Juicy, tender, spiced Swedish Meatballs in a smooth and creamy brown gravy is the comfort food you’ve been dreaming of. So much amazing flavor for the whole family to enjoy. Serve it with mashed potatoes or pasta but don’t forget the lingonberry jam!
There is nothing like a meatball night at my house. Whether I’m making Italian meatballs, Swedish meatballs, creamy turkey meatballs, or even shrimp meatballs, it’s one of our favorite nights. My personal favorite is the Swedish meatballs because of the spices and the cream sauce, but my husband prefers Italian meatballs to all. (Not to say that he doesn’t devour these juicy, creamy meatballs with a smile on his face.)
Swedish meatballs, köttbullar, are probably one of the best-known Swedish cooking specialties. IKEA made them popular in the states and I am very grateful for that. These meatballs are made with a combination of ground pork and ground beef (or sometimes veal), bread or bread crumbs, milk, onion, and spices. The combination of spices like allspice, nutmeg, white pepper, and sometimes ground ginger is what separates these meatballs from others.
Traditional way of serving Swedish meatballs is with creamy brown gravy, mashed (or boiled) potatoes, and of course, lingonberry jam. But there is no one “authentic” recipe for Swedish meatballs. Much like Italian meatballs, everyone’s grandmother makes the meatballs their own favorite way and those are considered to be the best.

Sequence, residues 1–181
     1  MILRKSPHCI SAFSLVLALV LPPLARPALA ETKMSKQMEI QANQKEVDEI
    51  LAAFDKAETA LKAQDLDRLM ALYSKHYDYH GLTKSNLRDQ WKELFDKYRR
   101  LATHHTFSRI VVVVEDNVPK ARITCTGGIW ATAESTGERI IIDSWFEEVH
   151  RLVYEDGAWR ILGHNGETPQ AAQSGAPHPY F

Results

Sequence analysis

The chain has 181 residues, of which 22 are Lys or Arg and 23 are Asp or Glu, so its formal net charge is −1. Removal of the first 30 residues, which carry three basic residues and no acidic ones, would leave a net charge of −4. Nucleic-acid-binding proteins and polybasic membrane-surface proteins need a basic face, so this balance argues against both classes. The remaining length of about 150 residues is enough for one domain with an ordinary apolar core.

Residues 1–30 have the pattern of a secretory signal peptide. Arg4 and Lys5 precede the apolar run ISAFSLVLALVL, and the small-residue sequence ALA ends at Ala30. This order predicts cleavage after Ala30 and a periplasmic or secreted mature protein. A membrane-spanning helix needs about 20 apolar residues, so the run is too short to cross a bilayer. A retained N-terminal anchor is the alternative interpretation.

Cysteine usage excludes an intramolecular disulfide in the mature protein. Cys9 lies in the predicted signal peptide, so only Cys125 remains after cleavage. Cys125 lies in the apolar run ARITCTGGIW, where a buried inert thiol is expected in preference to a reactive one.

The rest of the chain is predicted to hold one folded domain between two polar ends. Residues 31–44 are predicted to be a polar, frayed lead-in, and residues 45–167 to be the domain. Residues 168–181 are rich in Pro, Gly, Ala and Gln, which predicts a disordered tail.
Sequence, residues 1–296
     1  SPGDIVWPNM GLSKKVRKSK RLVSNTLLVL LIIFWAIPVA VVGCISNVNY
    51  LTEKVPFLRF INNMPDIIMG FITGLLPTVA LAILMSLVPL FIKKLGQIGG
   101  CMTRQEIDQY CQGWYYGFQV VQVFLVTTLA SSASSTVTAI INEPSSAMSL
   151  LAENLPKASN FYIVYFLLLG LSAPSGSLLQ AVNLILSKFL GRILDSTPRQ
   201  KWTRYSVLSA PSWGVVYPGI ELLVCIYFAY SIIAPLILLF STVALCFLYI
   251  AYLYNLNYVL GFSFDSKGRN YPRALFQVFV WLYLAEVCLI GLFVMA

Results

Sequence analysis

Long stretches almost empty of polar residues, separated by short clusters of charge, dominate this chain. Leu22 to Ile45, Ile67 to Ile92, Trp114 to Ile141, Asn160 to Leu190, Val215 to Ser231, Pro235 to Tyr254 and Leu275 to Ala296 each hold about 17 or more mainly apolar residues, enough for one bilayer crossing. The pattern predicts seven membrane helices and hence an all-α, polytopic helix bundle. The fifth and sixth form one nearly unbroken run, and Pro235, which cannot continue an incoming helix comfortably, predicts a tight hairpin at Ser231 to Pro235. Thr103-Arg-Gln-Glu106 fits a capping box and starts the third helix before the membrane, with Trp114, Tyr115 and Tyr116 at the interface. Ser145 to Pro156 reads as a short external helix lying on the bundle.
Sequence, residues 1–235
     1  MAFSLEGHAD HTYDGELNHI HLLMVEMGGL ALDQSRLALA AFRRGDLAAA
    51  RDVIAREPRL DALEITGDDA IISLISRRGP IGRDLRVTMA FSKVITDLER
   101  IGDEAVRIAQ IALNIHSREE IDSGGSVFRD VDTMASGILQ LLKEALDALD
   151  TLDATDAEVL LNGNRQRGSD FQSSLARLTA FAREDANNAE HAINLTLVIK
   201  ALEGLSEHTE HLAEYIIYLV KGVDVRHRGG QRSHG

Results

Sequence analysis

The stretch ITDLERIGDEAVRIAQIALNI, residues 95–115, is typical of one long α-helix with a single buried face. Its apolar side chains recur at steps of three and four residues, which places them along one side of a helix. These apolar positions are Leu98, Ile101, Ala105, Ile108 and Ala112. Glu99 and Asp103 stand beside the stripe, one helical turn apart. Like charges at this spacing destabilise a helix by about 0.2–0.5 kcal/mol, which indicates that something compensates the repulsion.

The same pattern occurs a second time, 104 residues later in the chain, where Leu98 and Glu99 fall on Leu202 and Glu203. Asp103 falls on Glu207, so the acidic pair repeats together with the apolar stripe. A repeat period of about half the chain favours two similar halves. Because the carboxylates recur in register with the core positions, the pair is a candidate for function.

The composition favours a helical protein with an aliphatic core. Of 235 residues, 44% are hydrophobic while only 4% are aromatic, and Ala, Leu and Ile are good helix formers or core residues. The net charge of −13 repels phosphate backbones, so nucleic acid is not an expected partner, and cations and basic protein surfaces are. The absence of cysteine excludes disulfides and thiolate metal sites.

Whether you use my recipe or you have one of your own, Lingonberry jam is something that you shouldn’t skip when serving Swedish meatballs. If you have a hard time finding it at the store, you can substitute cranberry jam or red currant jam.
HOW TO MAKE SWEDISH MEATBALLS
Make The Meatballs:
To make the meatball it doesn’t get much easier, simply combine all ingredients in a bowl and give it a good mix.
I like to use a scoop to get even amount of meat mixture to that all the meatballs are the same size. I also highly recommend that you roll all the meatballs before starting to cook and lay them out on a sheet of parchment paper or aluminum foil.
Melt butter in a large cooking pan and cook meatballs over medium heat. Flip the meatballs once the meatballs are browned on one side and cook them until almost done. Take the meatballs out of the pan but leave all the juices behind to make the gravy.
Make The Sauce:
In the same pan where you cooked the meatballs, melt a little more butter and whisk in flour. Once the flour mixture looks smooth, keep whisking and start pouring in warmed beef stock. Let the mixture come to simmer, while still slowly whisking, and add sour cream, Dijon mustard, heavy whipping cream, salt and pepper.
Once the sauce starts to thicken, add meatballs back in and simmer everything together for a few minutes.
Can I Make It Ahead Of Time?
Yes, you can! You can make just the meatballs ahead of time or you can prepare the meatballs and the sauce ahead. Store it in the refrigerator, in an air-tight container and reheat the next day.